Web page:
YA Review: Young Eagle Rising

Title: Young Eagle Rising
Author: Ellie Joyce

We’re thrilled to be taking part in the Young Eagle Rising Blog Tour! Thank you to Rachel’s Random Resources for including our review.

William Baxter is thirteen when he leaves Ireland with his family to begin a new life in the colonies of North America. He doesn’t want to go – in 1735, leaving on a ship means saying goodbye to everyone you leave behind, and he doesn’t want to leave his grandmother or his aunt.

The three-month voyage sees him learning new skills, making new friends among the passengers and crew, and deciding that he much prefers life on dry land. By the time the boat reaches Philadelphia, he is excited to begin his new adventure, and the family sets out in search of land to claim.

As their second winter approaches, the family is settled in their new life, harvesting crops and preparing for the cold weather. But a tragic misunderstanding with a native tribe leaves William alone, and determined to return to the life he knew in Ireland.

His journey back to Philadelphia is full of adventure, culture shocks, and the engaging characters he turns to for help. His experiences teach him more about the New World as he comes into contact with settlers, explorers, slaves, cruel slave owners, native tribes, and the deceitful leaders of the Pennsylvania Colony.

William is an engaging and intelligent narrator with a distinctive voice, drawing the reader into the story with his vivid descriptions of people and events. The relationships he builds as he travels feel warm and respectful, reflecting his own personality. His confidence, resourcefulness, and willingness to learn allow him to overcome the difficulties he faces, and it is a joy to follow him on his journey.

Young Eagle Rising is an exciting story in the style of a classic boys’ adventure tale. There’s no romance, but plenty of genuine friendship, and most of the important characters are male. It reads like a YA Treasure Island, with the narrator piecing together the reality of his new home as he travels through it. While William’s initial contact with native people is violent, reflecting the racist and simplistic ‘Cowboys and Indians’ attitudes of the early settlers, the author is careful to present an alternative view through William’s experiences with the peaceful Lenape Nation later in the book.

As someone who has studied First Nation (Native American) experiences in North America, I appreciated this depiction. However, the story also features local tribes who are violent towards the Lenape, and their conflict is presented in very black-and-white terms. I found this surprising and uncomfortable in the context of William’s developing understanding, and I can’t help but think that this depiction might feel significantly racist to present-day members of the ‘enemy’ tribe.

It’s a small complaint, and overall the author is very careful to emphasise the complexity of life in the New World. History is often simplified and sanitised, but through his story William – and the reader – experience some of the subtleties, tragedies, and misunderstandings inherent in the aggressive colonisation of already occupied land. Reading this book in a class or book club would be an inspiring way to begin a conversation about colonialism, racism, slavery, and the way history is taught.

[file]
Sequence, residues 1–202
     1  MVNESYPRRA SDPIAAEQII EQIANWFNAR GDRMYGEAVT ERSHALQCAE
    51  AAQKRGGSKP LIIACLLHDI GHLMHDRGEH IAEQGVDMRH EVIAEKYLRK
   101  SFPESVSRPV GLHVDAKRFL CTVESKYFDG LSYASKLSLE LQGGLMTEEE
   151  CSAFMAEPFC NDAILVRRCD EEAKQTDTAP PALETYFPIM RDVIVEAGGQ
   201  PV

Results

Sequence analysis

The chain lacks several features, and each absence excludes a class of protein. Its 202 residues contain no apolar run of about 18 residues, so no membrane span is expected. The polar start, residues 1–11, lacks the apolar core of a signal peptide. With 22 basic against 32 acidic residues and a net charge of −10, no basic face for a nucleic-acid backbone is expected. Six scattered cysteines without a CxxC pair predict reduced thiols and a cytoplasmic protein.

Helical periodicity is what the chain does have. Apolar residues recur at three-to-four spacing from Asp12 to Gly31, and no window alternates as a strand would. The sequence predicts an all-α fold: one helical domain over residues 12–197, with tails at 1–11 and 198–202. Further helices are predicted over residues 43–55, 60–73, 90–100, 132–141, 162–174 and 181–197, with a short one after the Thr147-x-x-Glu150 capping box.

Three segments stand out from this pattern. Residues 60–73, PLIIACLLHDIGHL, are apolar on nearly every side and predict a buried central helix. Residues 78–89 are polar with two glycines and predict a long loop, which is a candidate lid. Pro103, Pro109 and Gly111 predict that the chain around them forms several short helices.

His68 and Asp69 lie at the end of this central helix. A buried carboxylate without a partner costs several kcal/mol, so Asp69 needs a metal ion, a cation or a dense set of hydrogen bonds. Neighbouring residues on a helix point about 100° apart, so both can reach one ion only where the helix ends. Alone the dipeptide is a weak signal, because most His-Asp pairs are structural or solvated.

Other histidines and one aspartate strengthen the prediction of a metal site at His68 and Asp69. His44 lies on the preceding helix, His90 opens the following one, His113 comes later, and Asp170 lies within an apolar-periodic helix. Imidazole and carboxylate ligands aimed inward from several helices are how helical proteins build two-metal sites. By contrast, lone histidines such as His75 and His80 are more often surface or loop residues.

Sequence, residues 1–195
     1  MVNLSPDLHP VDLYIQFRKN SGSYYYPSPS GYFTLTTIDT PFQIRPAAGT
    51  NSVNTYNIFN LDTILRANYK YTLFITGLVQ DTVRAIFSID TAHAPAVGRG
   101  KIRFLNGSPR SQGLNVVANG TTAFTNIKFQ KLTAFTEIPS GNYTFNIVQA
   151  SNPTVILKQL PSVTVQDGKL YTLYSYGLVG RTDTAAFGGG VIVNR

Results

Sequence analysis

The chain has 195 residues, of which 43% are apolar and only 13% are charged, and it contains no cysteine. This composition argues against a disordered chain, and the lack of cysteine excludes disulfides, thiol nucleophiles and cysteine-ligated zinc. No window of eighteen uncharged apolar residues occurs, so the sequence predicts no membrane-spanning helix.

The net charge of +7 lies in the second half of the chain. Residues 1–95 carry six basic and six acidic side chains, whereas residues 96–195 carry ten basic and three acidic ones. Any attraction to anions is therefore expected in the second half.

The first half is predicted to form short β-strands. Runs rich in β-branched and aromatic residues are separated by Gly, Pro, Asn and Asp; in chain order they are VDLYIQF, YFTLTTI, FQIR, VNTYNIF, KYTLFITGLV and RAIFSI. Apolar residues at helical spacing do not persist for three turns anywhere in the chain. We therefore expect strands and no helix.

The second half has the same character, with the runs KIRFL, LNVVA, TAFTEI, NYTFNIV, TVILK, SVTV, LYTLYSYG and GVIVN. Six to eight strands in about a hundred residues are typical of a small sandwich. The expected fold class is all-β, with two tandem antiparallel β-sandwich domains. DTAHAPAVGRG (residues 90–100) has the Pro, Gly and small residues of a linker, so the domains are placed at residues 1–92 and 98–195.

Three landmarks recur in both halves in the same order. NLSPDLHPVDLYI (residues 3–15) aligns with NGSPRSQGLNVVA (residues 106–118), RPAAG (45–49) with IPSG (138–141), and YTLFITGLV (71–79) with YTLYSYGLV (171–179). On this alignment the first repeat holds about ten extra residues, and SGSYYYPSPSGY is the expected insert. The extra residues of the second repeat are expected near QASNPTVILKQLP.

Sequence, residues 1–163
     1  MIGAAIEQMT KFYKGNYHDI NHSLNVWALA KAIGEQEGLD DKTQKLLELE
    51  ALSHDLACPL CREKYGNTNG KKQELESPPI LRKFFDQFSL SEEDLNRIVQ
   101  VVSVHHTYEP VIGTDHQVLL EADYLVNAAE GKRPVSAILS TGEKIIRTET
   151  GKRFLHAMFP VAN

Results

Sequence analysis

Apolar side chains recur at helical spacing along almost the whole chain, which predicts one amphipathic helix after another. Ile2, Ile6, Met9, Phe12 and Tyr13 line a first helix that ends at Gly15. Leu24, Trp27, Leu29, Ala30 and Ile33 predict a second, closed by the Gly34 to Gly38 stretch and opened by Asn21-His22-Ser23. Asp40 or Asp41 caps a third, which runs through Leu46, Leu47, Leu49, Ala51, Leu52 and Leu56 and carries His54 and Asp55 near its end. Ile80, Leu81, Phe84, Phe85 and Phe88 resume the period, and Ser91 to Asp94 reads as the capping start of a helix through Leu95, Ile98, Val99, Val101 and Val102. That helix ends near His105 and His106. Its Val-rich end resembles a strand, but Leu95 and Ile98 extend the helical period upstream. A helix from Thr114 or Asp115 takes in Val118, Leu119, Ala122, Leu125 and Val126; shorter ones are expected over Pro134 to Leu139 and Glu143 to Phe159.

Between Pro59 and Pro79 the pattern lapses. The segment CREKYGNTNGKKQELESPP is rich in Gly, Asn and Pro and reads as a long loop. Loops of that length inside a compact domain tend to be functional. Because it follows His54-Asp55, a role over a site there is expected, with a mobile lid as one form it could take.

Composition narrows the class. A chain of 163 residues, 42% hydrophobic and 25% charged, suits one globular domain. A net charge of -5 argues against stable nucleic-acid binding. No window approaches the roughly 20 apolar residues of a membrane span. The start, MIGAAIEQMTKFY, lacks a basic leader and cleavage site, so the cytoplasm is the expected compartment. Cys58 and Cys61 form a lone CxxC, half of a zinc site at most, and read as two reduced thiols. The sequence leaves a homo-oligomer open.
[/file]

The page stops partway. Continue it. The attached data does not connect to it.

Four stars: recommended. A great friendship-based adventure story, but I can’t overlook the problematic depiction of some of the First Nation characters.

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Check out the other reviews, appearing over the next few days.

What’s it about?
Ireland 1735. Thirteen-year-old William Baxter has a grandmother with peculiar powers – so peculiar he believes she must be a witch. Taking this secret with him, he reluctantly sails with his family to the New World and the promise of a better life.

But Pennsylvania proves to be a savage, unforgiving place rife with warring tribes, slavery and dangerous animals. When William’s life suddenly takes a terrifying turn, he is thrust headlong into a battle for survival. Consumed with hatred for those responsible, he desperately wants to return to Ireland, but the coast is one hundred miles away and the trail runs through native territory. Alone and frightened, he sets out on what becomes the journey of a lifetime, determined to survive and have his revenge.

Young Eagle Rising is a coming-of-age story, a mix of fantasy, history, adventure and the enduring love of an old Irish witch.

Who is the author?
Ellie Joyce was born and raised in Belfast. She holds an A.L.A.M. (Dip. Acting) from The London Academy of Music and Dramatic Art. She and her husband have four children and live in Leicestershire. Young Eagle Rising is her debut novel. See more at elliejoyceauthor.com.

You can order your copy from Waterstones, Book Guild, Foyles, Bookshop.org, Amazon, WHSmith and Book Depository.